Reclamation awards $3.4 million to 19 tribes for technical assistance in water development
Peter Soeth, 303-445-3615, email@example.com
For Release: August 29, 2019
A lake in the mountains. WASHINGTON — The Bureau of Reclamation is awarding $3.4 million to 19 tribes across the western United States for technical assistance as they develop, manage, and protect their water and related resources. The funding is being made available through Reclamation's Native American Affairs Technical Assistance to Tribes Program.
"This funding provides the opportunity for Reclamation and the tribes to collaborate in finding the most effective and efficient ways to improve water reliability for these tribal communities," said Reclamation Commissioner Brenda Burman.
The funding will be provided to the tribes as grants or cooperative agreements. The nineteen projects selected are:
- Hopi Tribe, develop georeferenced base maps of community water systems, $200,000
- Quechan Indian Tribe, Tonawanda Lateral Structure Replacement, $171,346
- Yavapai-Apache Tribe, domestic water system infrastructure and repair, $200,000
- Bear River Band of the Rohnerville Rancheria, Singley Hill well production and treatment facilities, $200,000
- Big Valley Band of Pomo Indians, water supply well completion, $98,746
- Cahto Tribe of the Laytonville Rancheria, baseline stream monitoring and planning, $200,000
- Colusa Community Council, community water system improvements, $200,000
- Fort Independence Community of Paiute Indians, S7-3 Lateral Irrigation Improvement Project, $200,000
- La Jolla Band of Luiseno Indians, drinking water supply improvements, $65,299
- Hoopa Valley Indian Tribe, assess threats to drinking water supply, $181,980
- Pinoleville Pomo Nation, Ackerman Creek environmental streamflow conservation projects, $194,303
- Quartz Valley Indian Community, water resource management model, $159,022
- Round Valley Indian Tribes, groundwater model for basin-wide groundwater management plan, $200,000
- Coeur D’Alene Tribe, water quality monitoring and assessment of Lake Coeur D’Alene, $195,979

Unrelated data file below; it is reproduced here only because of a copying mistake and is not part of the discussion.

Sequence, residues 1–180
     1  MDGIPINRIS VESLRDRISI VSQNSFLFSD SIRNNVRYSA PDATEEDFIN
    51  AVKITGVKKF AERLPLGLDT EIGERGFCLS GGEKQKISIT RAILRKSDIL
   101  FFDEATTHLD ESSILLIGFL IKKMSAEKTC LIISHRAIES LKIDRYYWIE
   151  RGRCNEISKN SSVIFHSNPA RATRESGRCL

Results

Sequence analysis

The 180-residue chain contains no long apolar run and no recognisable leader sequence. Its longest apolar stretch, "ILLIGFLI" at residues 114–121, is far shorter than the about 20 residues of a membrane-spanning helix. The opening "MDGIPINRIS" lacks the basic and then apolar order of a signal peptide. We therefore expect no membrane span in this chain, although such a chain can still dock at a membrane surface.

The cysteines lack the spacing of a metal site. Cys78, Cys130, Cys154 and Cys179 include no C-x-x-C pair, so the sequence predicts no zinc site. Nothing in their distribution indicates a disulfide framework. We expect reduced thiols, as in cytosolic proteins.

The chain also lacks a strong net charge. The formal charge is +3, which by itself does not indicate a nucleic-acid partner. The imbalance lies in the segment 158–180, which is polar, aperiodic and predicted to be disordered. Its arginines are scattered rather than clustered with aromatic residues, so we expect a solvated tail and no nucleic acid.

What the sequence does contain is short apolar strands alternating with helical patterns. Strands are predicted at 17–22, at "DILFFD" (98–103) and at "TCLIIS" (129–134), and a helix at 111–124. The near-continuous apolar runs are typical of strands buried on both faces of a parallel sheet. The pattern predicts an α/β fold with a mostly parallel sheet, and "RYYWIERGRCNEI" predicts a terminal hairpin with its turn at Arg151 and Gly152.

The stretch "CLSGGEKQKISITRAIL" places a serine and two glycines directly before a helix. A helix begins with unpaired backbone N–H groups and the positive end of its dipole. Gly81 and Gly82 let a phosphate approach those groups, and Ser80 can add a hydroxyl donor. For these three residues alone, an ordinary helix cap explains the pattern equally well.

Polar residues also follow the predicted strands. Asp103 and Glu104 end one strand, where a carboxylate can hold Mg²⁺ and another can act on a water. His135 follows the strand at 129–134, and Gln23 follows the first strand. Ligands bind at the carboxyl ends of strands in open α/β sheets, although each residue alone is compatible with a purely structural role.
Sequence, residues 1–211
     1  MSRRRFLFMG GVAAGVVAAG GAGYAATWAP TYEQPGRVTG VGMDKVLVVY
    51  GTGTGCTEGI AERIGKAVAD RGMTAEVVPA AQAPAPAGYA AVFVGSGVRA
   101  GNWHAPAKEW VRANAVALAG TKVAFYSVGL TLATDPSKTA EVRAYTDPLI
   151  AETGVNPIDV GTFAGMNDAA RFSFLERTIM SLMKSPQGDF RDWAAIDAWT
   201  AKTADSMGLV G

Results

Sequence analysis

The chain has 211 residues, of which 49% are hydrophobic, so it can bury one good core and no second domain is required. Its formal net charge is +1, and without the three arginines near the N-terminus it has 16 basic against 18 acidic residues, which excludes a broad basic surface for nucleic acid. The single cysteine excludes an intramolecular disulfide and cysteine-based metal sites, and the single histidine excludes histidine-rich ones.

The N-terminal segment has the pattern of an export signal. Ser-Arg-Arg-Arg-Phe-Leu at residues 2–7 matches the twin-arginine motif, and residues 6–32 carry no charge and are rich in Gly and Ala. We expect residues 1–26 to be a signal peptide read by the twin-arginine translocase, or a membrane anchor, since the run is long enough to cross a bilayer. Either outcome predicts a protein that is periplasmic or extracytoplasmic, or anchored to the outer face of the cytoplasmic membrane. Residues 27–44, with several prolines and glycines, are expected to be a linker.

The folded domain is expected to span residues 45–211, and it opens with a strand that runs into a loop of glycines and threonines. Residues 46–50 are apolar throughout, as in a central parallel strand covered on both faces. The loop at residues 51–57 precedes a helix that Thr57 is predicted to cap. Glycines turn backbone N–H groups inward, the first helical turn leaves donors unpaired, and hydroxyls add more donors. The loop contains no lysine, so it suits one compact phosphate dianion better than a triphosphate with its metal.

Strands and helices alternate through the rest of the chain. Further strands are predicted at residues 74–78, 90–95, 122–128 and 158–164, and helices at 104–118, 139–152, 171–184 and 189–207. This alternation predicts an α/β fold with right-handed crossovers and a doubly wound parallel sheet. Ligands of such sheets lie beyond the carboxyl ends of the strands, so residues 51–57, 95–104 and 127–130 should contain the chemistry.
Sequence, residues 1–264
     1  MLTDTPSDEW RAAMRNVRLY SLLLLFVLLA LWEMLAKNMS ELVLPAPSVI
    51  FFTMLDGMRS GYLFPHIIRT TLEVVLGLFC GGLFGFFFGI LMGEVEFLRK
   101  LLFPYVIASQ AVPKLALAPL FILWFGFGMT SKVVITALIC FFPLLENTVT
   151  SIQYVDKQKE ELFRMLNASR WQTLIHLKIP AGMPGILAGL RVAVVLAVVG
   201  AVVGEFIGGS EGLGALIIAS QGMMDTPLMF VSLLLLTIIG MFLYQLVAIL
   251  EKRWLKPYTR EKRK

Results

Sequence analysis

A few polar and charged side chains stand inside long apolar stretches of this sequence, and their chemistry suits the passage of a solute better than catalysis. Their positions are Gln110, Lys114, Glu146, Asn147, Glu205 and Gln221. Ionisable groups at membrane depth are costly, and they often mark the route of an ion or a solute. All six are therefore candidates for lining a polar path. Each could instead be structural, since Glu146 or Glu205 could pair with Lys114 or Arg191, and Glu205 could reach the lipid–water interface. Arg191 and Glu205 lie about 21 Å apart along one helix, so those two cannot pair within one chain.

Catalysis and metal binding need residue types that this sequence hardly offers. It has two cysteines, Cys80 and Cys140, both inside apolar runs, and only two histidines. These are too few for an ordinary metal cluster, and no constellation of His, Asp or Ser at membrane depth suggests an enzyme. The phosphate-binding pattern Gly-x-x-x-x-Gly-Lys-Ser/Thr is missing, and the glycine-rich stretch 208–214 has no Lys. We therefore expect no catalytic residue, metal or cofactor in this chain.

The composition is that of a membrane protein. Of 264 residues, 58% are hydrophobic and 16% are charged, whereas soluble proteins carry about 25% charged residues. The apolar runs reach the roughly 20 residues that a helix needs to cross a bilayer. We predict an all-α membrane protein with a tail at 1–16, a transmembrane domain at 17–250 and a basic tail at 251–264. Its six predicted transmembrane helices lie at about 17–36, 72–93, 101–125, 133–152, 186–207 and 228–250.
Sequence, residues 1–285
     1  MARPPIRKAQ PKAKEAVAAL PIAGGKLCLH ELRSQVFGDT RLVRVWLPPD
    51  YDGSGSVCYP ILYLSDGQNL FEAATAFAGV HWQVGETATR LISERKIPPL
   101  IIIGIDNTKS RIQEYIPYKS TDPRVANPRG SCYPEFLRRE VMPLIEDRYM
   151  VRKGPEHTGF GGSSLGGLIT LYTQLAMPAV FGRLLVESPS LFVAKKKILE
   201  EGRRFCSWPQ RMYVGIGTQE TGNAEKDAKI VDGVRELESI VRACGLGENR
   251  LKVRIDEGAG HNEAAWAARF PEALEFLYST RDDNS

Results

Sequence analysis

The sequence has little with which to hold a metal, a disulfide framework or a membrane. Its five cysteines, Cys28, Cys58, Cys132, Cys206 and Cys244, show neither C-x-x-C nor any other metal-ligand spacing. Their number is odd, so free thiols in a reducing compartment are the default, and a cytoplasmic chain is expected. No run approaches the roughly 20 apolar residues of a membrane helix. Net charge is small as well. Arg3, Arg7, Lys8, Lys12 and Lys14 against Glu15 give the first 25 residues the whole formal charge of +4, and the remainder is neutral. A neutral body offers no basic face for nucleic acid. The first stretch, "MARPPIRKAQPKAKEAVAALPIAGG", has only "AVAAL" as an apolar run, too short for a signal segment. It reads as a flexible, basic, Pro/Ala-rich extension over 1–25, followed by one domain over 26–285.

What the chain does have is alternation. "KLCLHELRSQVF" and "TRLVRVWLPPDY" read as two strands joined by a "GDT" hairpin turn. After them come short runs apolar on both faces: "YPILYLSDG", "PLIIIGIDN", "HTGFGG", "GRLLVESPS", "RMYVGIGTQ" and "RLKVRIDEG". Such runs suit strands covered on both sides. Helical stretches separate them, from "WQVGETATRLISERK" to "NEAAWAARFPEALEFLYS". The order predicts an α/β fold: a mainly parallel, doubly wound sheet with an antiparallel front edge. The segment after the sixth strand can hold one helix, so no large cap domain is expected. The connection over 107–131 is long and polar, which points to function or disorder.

- Shoshone-Bannock Tribes of the Fort Hall Indian Reservation, irrigation project surface water management program, $200,000
- Choctaw Nation of Oklahoma, process improvements for failing water treatment plants in Choctaw Territory, $197,637
- Osage Nation, water system assessment project, $199,973
- Klamath Tribes, Sprague River watershed nutrient assessment, $96,168
- Snoqualmie Indian Tribe, Upper Snoqualmie River resilient water corridor management plan, $199,995
- Stillaquamish Tribe of Indians of Washington, water resources program development, $200,000
The Native American and International Affairs Office in the Commissioner's Office serves as the central coordination point for the Native American Affairs Program and lead for policy guidance for Native American issues in Reclamation. To learn more, please visit www.usbr.gov/native.
# # #
The Bureau of Reclamation is a federal agency under the U.S. Department of the Interior and is the nation's largest wholesale water supplier and second largest producer of hydroelectric power. Our facilities also provide substantial flood control, recreation opportunities, and environmental benefits. Visit our website at https://www.usbr.gov and follow us on Twitter @USBR; Facebook @bureau.of.reclamation; LinkedIn @Bureau of Reclamation; Instagram @bureau_of_reclamation; and YouTube @reclamation.